A series of unexpected negotiating maneuvers have put Section 230 — a critical liability shield for online platforms — back in play in ongoing congressional stimulus talks. In a floor statement made Tuesday, Senate majority leader Mitch McConnell (R-KY) linked a handful of unrelated policy measures to the future of the increased stimulus checks; amongst them, Section 230 of the Communications Decency Act, a law that shields tech companies like Facebook and Google from legal liability over the content users post on their platforms.
McConnell’s statement comes amid increasingly chaotic negotiating over the level of direct payments to be included as part of stimulus efforts. On Sunday, President Trump signed into law Congress’ $900 billion COVID-19 relief and government spending package that would provide $600 in stimulus payments to most Americans. In a public statement after signing the bill, Trump urged congressional leaders to hold a standalone vote on increasing direct payments to $2,000.
What is Section 230?
Section 230 of the Communications Decency Act, which was passed in 1996, says an “interactive computer service” can’t be treated as the publisher or speaker of third-party content. This protects websites from lawsuits if a user posts something illegal, although there are exceptions for pirated and prostitution-related material.
Sen. Ron Wyden (D-OR) and Rep. Chris Cox (R-CA) crafted Section 230 so website owners could moderate sites without worrying about legal liability. The law is particularly vital for social media networks, but it covers many sites and services, including news outlets with comment sections — like The Verge. The Electronic Frontier Foundation calls it “the most important law protecting internet speech.”
It’s increasingly controversial and frequently misinterpreted, however. Critics argue that its broad protections let powerful companies ignore real harm to users. On the other hand, some lawmakers incorrectly claim that it only protects “neutral platforms” — a term that’s irrelevant to the law.
By Tuesday morning, many Republicans who previously opposed the increased stimulus checks flipped to support of them alongside Democrats. In particular, both Georgia Senate runoff incumbents, Sens. David Perdue and Kelly Loeffler (R-GA), announced Tuesday that they would vote to approve the additional payments after days of sidestepping the question, creating a difficult position for McConnell.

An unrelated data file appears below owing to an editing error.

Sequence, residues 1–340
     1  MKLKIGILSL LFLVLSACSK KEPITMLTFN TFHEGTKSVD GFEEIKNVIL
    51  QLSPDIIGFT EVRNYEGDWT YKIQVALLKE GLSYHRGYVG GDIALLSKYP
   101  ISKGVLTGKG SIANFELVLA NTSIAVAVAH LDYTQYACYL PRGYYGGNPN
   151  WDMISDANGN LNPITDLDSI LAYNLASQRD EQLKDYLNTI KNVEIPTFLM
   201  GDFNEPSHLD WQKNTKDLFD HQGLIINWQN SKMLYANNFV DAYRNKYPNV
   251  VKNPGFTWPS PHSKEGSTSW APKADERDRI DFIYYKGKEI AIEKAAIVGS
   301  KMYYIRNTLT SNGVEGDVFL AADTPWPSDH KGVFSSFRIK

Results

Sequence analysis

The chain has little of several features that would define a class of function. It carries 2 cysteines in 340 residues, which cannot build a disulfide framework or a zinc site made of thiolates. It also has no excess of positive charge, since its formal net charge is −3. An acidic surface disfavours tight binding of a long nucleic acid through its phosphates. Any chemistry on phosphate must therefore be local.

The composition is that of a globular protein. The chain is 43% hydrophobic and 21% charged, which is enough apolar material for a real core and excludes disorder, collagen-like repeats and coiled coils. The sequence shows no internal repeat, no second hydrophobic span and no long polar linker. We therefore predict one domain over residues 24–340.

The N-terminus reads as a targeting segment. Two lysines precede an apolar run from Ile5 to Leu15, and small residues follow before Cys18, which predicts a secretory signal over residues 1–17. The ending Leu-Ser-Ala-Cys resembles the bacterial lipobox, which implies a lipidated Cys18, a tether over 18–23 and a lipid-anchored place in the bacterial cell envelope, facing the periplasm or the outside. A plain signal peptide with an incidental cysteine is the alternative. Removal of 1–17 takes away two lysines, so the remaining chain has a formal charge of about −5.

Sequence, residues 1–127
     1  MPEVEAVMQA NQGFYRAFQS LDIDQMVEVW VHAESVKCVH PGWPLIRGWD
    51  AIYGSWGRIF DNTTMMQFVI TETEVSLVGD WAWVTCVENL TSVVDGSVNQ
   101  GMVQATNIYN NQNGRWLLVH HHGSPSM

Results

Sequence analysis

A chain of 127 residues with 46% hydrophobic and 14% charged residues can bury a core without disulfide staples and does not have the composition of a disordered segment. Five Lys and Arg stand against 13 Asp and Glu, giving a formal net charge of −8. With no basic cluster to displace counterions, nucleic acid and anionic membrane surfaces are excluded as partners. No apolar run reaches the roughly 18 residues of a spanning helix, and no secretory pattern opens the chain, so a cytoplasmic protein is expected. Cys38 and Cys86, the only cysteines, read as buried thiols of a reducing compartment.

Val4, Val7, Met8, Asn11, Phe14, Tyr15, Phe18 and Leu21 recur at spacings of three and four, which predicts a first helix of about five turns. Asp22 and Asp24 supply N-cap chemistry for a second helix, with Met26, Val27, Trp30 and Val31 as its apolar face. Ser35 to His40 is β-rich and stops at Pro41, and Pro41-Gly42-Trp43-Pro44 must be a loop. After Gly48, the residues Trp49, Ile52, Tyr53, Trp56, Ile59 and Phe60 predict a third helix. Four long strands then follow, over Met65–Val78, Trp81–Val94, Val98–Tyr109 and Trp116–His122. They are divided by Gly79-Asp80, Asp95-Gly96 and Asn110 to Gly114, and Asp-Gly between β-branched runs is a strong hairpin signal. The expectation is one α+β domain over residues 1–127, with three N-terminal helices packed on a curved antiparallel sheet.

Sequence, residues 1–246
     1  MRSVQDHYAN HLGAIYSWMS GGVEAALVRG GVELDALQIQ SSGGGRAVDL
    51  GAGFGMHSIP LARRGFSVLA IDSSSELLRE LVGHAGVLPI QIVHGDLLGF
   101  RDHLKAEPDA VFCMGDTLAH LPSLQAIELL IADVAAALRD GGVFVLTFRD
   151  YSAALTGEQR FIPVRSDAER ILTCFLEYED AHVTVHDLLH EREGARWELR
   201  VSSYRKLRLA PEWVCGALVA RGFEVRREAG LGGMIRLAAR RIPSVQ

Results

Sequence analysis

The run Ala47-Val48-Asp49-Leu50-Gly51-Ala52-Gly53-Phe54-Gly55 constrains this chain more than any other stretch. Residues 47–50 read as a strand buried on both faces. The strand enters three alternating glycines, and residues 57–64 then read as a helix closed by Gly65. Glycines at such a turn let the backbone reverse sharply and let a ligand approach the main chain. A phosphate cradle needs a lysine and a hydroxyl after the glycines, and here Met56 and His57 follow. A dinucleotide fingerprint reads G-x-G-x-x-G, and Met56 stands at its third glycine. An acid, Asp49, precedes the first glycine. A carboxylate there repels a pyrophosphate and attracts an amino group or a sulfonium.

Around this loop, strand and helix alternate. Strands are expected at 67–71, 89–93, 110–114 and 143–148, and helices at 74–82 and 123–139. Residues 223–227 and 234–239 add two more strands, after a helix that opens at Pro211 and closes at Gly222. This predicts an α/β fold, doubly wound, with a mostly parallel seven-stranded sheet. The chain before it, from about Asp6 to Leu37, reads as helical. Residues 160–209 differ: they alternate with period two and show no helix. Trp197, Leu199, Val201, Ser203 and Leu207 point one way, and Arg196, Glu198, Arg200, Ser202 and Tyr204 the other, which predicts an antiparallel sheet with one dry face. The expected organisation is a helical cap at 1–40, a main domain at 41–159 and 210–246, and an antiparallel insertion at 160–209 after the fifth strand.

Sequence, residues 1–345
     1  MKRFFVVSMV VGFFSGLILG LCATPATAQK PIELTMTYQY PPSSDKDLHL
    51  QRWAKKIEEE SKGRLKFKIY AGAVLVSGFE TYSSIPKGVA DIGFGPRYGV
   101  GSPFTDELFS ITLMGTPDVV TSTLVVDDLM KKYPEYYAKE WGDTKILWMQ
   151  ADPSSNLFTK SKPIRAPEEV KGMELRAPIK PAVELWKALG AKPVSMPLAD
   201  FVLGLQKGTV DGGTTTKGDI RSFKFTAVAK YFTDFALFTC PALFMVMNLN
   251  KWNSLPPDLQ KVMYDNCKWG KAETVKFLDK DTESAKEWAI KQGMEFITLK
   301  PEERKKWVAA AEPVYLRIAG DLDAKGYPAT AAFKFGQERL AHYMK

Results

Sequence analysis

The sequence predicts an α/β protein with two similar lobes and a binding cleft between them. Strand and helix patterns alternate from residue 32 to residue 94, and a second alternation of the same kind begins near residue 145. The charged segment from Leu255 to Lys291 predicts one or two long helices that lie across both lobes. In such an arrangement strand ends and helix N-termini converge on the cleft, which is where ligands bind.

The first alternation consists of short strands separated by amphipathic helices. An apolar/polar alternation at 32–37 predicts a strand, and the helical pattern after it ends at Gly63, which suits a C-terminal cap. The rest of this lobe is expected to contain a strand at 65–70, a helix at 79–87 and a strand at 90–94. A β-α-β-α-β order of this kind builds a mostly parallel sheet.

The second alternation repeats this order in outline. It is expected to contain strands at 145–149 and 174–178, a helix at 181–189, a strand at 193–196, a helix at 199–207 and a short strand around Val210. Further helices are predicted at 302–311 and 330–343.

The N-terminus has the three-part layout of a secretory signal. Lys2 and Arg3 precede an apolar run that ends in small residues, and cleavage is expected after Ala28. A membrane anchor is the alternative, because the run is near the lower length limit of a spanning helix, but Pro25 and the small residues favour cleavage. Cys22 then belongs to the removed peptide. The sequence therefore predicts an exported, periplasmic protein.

Sen. Josh Hawley (R-MO) said in a tweet Tuesday that the Senate has “got the votes” to approve the increased payments. But later that day, McConnell blocked a House bill that would provide $2,000 in stimulus payments to most Americans, citing the need to tackle higher payments alongside other issues raised by President Trump.
“During this process, the president highlighted three additional issues of national significance he would like to see Congress tackle together,” McConnell said Tuesday afternoon. “This week, the Senate will begin a process to bring these three priorities into focus.” McConnell did not immediately explain how the Senate planned to address Section 230 or election fraud, but tying the increased stimulus payments to the pivotal internet law could undermine democratic support for the legislation.
Some lawmakers fear the majority leader is now using Section 230 as a poison pill to doom the broader package — particularly if it is included alongside restrictions changes to voting rights.
“That is an invitation for this entire effort to fall apart,” Sen. Chris Murphy (D-CT) said on the Senate floor Tuesday.
In recent months, Trump has often used Section 230 as a negotiating tool to push forward other policy priorities or tie up unwanted legislation. Last week, Trump vetoed the $740 billion National Defense Authorization Act (or NDAA), after complaints that the defense bill did not include a provision that would repeal Section 230. Sen. Bernie Sanders (I-VT) threatened Tuesday to block a Senate vote to override Trump’s NDAA veto if McConnell did not agree to open a standalone vote on $2,000 checks.
“Big Tech must not get protections of Section 230!” Trump said in a statement Sunday. “Voter fraud must be fixed!”